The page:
From the ramparts we could see the unique layout of the fort. From the air, the Citadel looks like a Star of David, but with several of the star points – like the one in the picture below – being completely severed from the main fortress. These star points are called “ravelins” and they are essentially mini-forts surrounding the main fortress, separated by what looks like a kind of dry moat.
In the distance, through the fog, we could see the city of Halifax. Looking inward into the main fortress again, take a look at the base of the mast, perched on the top of the fortress wall. It is rigged just like a ship’s mast.
I took this picture of one of the two masts that are erected on the top of the fort’s walls from down near that tripod in the first photo. The masts were used for signaling between military installations and for the benefit of the townspeople, providing commands and conveying information about approaching ships. Flags and signal lanterns would be raised, identifying the type, number, origin (including company name for commercial ships) and flag of any vessels sighted at sea by the shore battery.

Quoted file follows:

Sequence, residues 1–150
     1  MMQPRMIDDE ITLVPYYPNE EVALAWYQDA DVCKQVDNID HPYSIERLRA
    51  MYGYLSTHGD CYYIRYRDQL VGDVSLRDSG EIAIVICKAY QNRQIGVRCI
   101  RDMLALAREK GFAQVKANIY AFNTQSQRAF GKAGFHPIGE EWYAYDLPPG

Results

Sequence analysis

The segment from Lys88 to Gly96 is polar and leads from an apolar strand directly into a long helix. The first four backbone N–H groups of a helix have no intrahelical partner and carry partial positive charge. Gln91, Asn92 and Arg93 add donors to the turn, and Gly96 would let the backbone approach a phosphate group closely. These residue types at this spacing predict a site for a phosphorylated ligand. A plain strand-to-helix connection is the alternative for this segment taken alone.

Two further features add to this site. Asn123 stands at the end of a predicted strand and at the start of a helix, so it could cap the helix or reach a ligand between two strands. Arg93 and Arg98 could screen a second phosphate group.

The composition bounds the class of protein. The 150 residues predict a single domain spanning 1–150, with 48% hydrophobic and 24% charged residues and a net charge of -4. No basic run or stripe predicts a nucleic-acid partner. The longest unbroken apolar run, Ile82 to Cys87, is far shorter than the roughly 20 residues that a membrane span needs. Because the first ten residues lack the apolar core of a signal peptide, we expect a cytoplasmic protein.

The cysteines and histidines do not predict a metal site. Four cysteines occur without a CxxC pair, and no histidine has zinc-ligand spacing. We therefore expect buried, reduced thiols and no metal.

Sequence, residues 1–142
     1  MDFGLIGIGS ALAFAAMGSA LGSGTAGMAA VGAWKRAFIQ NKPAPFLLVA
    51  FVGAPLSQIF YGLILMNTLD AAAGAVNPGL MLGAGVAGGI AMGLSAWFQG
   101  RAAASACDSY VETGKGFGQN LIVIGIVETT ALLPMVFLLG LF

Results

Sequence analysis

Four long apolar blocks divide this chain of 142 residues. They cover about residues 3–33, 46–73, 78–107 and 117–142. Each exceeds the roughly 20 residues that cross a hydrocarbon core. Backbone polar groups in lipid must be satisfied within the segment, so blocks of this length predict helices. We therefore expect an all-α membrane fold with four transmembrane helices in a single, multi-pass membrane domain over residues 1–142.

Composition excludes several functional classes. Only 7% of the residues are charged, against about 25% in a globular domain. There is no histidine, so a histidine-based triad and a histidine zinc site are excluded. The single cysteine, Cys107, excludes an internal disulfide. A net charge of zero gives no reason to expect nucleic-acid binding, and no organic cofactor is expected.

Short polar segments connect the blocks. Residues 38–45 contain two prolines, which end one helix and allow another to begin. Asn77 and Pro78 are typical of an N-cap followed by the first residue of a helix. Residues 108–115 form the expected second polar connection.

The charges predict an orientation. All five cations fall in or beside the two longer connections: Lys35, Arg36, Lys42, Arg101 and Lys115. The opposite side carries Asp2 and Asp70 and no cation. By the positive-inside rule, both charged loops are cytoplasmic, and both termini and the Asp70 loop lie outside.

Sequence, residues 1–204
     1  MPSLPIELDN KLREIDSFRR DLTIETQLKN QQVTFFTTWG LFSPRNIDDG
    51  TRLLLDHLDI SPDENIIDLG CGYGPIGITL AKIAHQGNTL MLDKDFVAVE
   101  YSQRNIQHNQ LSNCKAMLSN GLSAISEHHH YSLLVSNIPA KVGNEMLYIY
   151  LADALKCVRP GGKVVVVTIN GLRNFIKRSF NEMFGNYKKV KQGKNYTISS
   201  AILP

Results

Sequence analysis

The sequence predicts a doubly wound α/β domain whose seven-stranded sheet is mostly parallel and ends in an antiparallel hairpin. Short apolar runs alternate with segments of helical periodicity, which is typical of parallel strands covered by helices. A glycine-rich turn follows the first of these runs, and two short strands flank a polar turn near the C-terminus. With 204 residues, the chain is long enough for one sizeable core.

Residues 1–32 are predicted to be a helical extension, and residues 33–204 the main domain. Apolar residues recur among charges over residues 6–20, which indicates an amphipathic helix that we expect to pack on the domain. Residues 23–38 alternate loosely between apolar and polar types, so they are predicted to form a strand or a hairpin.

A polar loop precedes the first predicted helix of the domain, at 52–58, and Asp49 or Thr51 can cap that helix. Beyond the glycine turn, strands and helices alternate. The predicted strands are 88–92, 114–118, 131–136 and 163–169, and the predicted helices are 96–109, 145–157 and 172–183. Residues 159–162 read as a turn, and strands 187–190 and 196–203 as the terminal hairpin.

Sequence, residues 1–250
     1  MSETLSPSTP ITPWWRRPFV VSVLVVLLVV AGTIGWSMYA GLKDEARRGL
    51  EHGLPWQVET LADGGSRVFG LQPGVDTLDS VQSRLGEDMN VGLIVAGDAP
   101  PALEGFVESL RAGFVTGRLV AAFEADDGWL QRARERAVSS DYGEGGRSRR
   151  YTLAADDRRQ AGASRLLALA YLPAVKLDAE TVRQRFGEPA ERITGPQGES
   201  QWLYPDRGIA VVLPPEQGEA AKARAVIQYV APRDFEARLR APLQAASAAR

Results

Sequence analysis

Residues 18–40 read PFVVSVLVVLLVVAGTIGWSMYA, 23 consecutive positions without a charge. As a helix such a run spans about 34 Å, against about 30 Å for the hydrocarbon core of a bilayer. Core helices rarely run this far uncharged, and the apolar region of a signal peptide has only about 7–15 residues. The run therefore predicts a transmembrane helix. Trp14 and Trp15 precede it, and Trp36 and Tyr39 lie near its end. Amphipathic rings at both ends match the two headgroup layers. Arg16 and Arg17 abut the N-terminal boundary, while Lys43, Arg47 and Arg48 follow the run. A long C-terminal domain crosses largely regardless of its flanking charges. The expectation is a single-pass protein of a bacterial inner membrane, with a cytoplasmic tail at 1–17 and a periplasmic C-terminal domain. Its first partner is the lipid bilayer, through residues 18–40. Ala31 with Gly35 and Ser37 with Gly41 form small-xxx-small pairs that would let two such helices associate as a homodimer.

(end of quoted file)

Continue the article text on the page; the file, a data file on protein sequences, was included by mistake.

Our tour guide, dressed in period uniform of the 78th Scottish Highlanders, took us through the inside of one of the ravelins, then out into the “moat” that separated the ravelins from the main fortress.
When construction first started on the Citadel in 1828, the British used “iron stone” which was relatively inexpensive since it was quarried locally. However, iron stone tends to absorb water which causes it to expand and contract, depending on the temperature, and that, in turn, caused the walls to bulge and collapse. You can see one of the bulges on the left in the photo below.
Because of this problem, the engineers that were building the Citadel petitioned the government in England for more money so that they could use granite to complete the fortress. The walls on the right, above, and in the distance at the gate are granite.